Keeping the Coffin Steady

By Younis Kaloo


Whenever one of us was happy, we would jump on each other’s back in sheer enthusiasm, press one face against the other and shout all the expressions of joy. It would happen anywhere the joy followed us to. And when sad, we would coil our arms around each other and weep like children.

File image of protests in Srinagar (KL Image: Bilal Bahadur)

We were always together; in college, neighbourhood and playground. Even during protests. When his throat would no longer support him to raise slogans in favour of freedom and against the zulm, I would join in and continue onwards from the slogan he left from.

We were together yesterday as well. This time, he was on my shoulder and on those of others carrying his makeshift coffin, open from left, right and above. But he was not happy. Neither was I. He lay silent. So was I. All others around us were probably sloganeering. Which slogans? I do not know. For I had joined my friend in silence.

Men in uniform fired tear gas shells on the funeral of Junaid Ahmad Akhoon, 12 year old school boy, on Oct 8th 2016 morning near Aali Masjid Srinagar. (KL Image: Bilal Bahadur)

I was only conscious of the streets that the procession led us through. At each turn, Rehaan would beckon at me to hide behind a concrete utility pole from the impending pellets and tear-smoke canisters. He would raise both of his fists in the air while sloganeering. He would run for a while and appear at the same spot where he had left from earlier in a protest. But yesterday, he was doing none of them. Nor was he in the street, protesting. Motionless he was, his arms bound and resting on his chest.

A street ahead, the one where Rehaan, a day before yesterday, looked me in my eyes for the last time and not at his bullet-poked wound gushing blood on the right of his abdomen before his eyes turned to a blank stare, was re-enacting the same scene: stones thrown at and slogans being raised and in turn the barrage of pellets and flashbang grenades.

Nor was he in the street, protesting. Motionless he was, his arms bound and resting on his chest.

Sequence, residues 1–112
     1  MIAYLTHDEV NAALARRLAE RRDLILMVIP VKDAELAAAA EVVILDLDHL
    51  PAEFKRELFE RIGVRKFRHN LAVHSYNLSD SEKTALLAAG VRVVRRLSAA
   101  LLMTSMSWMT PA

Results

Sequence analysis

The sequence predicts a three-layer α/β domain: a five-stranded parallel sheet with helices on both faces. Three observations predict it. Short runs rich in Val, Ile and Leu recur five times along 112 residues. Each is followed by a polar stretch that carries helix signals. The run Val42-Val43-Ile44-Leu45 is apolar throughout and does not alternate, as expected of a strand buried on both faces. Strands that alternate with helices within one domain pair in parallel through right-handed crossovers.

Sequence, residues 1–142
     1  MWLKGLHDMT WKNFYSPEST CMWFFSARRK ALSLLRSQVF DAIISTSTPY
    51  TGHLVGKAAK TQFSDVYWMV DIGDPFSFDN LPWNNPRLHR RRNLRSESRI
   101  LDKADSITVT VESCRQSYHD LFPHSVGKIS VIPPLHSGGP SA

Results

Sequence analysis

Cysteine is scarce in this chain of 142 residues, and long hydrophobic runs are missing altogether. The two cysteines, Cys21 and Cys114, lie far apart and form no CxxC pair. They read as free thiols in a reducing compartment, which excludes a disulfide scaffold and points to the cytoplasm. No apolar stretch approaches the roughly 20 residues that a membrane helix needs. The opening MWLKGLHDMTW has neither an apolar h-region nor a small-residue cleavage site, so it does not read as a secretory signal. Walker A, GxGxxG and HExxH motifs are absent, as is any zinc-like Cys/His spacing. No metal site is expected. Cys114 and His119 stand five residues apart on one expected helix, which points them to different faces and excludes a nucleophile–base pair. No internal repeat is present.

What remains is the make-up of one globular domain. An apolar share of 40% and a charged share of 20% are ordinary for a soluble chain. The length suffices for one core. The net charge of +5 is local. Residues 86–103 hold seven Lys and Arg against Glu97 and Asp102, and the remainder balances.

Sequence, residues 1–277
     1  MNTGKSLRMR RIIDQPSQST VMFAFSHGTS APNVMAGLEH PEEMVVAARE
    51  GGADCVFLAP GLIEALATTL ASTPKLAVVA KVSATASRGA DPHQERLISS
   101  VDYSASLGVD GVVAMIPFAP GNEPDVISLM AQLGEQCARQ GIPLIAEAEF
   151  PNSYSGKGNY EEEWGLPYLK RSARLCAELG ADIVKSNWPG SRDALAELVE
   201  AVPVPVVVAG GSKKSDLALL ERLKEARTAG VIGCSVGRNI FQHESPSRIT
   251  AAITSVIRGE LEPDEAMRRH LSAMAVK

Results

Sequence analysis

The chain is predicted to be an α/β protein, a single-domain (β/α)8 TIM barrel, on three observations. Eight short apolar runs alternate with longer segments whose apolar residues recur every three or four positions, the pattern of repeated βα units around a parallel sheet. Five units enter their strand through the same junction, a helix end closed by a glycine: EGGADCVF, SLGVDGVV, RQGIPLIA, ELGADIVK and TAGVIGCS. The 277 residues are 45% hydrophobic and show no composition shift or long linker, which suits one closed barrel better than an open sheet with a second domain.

File image of tear gas shell being lobbed at protesters in Srinagar. (KL Image: Bilal Bahadur)

Once again, though for a moment only, I pictured Rehaan among the protesting youth struggling with his handkerchief that repeatedly kept slipping down his nose when he lifted his head towards the sky to chant slogans. He was in his beige trousers, a white t-shirt on which was embossed in boldface (dark) PRIDE & HONOUR and the loafers we recently bought, each a pair, at Lal Chowk.

He was being led by and followed by thousands of people through the same street

But, Rehaan was not there in the street. He was being led by and followed by thousands of people through the same street. And then, in no time, it was only Rehaan, his father, younger brother, uncle, I and a few others grappling with his coffin to keep it steady on our shoulders as the police and paramilitary kept tear-gassing us.

Funeral of youth in Srinagar amid protests, shells and smoke (KL Image: Bilal Bahadur)

With my free hand, I fished out my handkerchief and covered my mouth, so did Rehaan’s brother. His father lifted the hem of his kameez and covered his mouth. And Rehaan still lay draped in a green cloth with a crescent and star carved on it, that had, by now, like his handkerchief slipped down his chest.

(Younis Kaloo is a Journalism Post Graduate and ideas expressed are his own)














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